Today they do!
First, we want to announce the winners of the Eat Real t-shirts!
Thank you for such a wonderful response to last week's coaching tip! We are so grateful for all of you and are humbled and inspired by all of your comments. So inspired, in fact, that we decided to give away FIVE t-shirts instead of THREE! Watch to see our 5 lucky winners!
Now, let's talk pickles!
If you looked at the meal ideas we sent out last Thursday, you may have noticed our newest addition to the Eat Real America collection - a Dill Pickle Flatbread!
The dill pickles go perfectly with the garlic sauce that serves as the base of the flatbread - we loved it and hope you do too. And yes, pickles are a great way to activate flavor in so many meals!
Pickles are REAL food, right?
Aren’t they just cucumbers, spices and some pickling liquid?
Unfortunately, it's not quite that simple when it comes to buying jarred pickles.
Have you ever stopped to look at the label?
A few years ago, we were looking at the labels on some jars of pickles and it stopped us in our tracks. After picking up a jar and reading the ingredients, we were stumped. What are those extra ingredients…and why is Yellow 5 in pickles? And, why in the world are they called "dill" pickles if there is no "dill" in the ingredients?
Yes, even pickles have artificial ingredients added, with the most concerning one being Yellow 5. We have seen this artificial color offender in breakfast cereals like Lucky Charms, chips like Doritos, and in drinks like Gatorade and Mountain Dew, but pickles too?
How are pickles made?
Pickles are typically processed with vinegar, water and salt -- this is how cucumbers are transformed into what we all know as “pickles.” Actually, you can “pickle” a wide variety of vegetables (asparagus, carrots, cauliflower, okra, radishes, red onions…just to name a few), but the word “pickle” is most often associated with pickled cucumbers.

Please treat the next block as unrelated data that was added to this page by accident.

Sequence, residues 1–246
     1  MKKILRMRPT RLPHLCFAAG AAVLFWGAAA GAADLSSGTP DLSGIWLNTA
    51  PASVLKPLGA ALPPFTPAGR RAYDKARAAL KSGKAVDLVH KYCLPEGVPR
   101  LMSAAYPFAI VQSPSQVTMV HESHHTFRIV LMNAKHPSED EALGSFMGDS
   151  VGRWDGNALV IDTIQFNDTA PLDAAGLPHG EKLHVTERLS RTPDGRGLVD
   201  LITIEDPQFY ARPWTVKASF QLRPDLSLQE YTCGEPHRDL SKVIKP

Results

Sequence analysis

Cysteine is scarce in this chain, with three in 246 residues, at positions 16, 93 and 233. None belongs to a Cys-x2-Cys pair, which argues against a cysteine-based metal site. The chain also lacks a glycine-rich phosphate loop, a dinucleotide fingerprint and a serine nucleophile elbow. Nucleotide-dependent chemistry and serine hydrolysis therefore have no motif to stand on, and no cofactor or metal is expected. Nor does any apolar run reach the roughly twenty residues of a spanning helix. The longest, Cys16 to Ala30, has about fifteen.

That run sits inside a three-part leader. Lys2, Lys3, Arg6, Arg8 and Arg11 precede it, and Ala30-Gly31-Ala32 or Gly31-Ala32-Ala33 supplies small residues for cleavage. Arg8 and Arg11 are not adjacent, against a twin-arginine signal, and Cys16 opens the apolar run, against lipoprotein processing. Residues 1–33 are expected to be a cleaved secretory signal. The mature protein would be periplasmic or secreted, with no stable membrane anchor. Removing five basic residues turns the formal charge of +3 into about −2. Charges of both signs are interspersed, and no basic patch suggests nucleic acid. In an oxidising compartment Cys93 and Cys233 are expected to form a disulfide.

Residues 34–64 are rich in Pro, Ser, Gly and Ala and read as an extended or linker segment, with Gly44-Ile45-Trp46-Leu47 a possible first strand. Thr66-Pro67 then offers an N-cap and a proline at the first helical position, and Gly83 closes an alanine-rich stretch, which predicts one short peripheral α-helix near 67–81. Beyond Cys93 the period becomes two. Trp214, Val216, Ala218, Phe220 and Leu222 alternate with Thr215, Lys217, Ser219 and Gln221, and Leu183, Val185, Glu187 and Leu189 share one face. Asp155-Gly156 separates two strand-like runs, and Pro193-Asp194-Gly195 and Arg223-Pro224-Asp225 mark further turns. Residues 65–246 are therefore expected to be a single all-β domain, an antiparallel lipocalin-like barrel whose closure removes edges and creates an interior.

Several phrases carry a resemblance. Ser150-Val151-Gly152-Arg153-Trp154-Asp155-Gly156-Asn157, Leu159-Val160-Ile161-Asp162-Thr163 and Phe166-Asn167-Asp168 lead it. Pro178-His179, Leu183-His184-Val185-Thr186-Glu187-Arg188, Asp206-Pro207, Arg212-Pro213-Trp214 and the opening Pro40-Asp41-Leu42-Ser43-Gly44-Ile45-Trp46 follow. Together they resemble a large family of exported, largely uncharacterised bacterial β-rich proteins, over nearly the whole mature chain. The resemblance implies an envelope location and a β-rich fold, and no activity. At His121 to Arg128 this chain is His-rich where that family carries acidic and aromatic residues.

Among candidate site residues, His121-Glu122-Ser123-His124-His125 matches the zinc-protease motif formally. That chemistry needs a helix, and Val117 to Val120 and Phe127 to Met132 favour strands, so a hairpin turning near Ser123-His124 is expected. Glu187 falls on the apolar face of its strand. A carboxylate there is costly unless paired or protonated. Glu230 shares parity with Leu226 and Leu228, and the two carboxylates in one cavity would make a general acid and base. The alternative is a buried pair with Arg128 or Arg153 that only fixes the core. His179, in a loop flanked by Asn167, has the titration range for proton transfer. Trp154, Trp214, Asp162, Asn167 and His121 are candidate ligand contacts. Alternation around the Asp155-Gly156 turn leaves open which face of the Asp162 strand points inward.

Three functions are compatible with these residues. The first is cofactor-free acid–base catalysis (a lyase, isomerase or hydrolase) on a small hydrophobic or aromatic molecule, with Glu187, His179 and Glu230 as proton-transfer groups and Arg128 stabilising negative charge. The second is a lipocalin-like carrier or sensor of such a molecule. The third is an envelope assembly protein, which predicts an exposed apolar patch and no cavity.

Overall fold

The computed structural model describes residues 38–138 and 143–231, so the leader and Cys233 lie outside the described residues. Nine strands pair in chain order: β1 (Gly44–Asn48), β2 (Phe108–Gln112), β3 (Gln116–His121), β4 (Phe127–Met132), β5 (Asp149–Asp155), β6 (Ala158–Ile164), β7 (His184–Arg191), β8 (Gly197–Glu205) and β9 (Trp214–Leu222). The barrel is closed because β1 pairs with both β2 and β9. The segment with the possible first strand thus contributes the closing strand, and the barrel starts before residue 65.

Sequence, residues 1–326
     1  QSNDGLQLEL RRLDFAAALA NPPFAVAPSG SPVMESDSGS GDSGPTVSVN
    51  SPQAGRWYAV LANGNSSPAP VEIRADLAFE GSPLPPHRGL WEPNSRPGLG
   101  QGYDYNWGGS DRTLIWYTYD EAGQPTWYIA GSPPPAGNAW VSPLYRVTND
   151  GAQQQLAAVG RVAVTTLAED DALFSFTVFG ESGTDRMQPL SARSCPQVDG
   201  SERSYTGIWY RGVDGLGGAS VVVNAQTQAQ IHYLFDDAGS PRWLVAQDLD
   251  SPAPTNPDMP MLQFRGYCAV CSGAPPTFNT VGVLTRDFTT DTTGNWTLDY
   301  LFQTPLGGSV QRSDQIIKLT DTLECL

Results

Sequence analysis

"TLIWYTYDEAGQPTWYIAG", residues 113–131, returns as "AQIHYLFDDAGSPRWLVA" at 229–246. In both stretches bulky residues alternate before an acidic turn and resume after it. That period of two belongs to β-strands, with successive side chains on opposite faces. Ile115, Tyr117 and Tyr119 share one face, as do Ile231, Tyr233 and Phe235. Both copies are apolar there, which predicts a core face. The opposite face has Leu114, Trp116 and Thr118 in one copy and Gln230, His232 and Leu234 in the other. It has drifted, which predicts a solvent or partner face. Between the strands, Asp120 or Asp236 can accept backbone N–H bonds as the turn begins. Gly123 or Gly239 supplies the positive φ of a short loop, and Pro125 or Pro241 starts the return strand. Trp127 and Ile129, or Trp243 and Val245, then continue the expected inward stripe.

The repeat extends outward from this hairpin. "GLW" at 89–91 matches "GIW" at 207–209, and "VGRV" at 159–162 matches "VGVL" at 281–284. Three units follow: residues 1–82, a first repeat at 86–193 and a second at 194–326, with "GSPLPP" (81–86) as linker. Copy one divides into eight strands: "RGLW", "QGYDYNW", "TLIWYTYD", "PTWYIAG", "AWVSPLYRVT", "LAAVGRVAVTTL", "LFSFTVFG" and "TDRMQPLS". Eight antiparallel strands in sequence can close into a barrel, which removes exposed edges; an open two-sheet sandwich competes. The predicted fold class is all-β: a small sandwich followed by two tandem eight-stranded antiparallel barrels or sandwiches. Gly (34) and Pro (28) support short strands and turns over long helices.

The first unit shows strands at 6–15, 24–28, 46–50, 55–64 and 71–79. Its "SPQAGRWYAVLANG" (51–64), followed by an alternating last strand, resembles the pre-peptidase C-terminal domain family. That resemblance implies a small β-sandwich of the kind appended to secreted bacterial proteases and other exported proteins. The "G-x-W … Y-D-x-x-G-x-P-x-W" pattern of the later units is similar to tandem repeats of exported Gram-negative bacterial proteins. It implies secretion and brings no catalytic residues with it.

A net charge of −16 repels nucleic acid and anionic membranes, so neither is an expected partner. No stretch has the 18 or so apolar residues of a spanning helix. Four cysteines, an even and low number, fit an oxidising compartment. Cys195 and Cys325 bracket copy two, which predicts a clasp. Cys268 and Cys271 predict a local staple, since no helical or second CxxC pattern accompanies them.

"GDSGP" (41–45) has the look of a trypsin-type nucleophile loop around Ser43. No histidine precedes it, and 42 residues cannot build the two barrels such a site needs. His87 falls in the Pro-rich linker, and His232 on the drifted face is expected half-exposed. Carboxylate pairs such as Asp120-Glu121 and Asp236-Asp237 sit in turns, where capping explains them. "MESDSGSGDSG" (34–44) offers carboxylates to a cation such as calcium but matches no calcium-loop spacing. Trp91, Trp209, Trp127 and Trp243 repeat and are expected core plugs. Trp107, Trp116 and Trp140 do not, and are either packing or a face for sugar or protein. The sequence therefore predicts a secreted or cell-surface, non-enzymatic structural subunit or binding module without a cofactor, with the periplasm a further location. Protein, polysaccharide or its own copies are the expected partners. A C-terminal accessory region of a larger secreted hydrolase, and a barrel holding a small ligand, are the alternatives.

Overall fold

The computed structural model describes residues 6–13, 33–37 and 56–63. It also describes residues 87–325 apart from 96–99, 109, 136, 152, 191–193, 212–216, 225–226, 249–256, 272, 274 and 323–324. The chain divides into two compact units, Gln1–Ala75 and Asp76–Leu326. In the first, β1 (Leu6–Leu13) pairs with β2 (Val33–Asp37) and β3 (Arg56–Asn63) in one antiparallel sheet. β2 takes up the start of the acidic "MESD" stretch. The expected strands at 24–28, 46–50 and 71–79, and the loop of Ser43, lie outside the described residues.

Industrial-jarred pickles can lose their color during the production process…they may even turn gray (appetizing, right?!)! So, to create a standardized product and overcome these effects, manufacturers often add color. There are natural food dyes such as turmeric or paprika, but artificial food dyes like Yellow 5 are brighter, cheaper and more stable — they can remain vibrant for years! Which is a quality we all look for in pickles…for them to last for “years?!”
What is Yellow 5?
Yellow 5, also known as tartrazine, is an artificial food dye that has been linked to adverse health effects such as hyperactivity, asthma, skin rashes, migraines, and even cancer. In Europe, warning labels are required on products containing Yellow 5 and at least a couple countries have banned it altogether.
It is found in all kinds of foods like chips, crackers, cereal, salad dressings, cakes, puddings, cookies, muffins and bread, and also in some medications, cosmetics and various household products.
Studies have shown different results regarding the health effects of Yellow 5, and there are several studies that have raised a red flag on the long-term health effects for conditions like hyperactivity and cancer.
So, what can we do?
You can find options at the store and farmers' market that don’t contain added coloring or preservatives -- as we always say...read those ingredient labels!
You knew this was coming! Make your own homemade pickles!
It really is easier than you think to make your own homemade pickles (or other pickled vegetables)! And, they taste great -- what a great learning opportunity for kids!
- Typical homemade dill pickles need to sit in the refrigerator for 2-3 days to let them "pickle." Try our Homemade Garlic Dill Pickles - delicious and addicting!
- For a faster pickling version, try quick pickling and they will be ready to enjoy in as little as one hour. This is our favorite way to enjoy pickled veggies for tacos, salads and burgers. You can even use your favorite beer (like an IPA) for a unique spin on pickled veggies. We admit, we can be impatient...we really love the quick pickling method! And it works great for cucumbers!
- Get creative and pickle a variety of veggies such as asparagus, peppers, onions, carrots, radishes, and then add garlic cloves and fresh herbs -- get as creative as you want!
Do you make your own pickles, or pickled veggies?
And what is your favorite way to enjoy them?
Our 5 lucky Eat REAL t-shirt winners are Michelle Armstrong, Susan Sabourin, Janet Shapic, Lisa Kassel and Ruth Pinter. Congratulations, we will be in touch!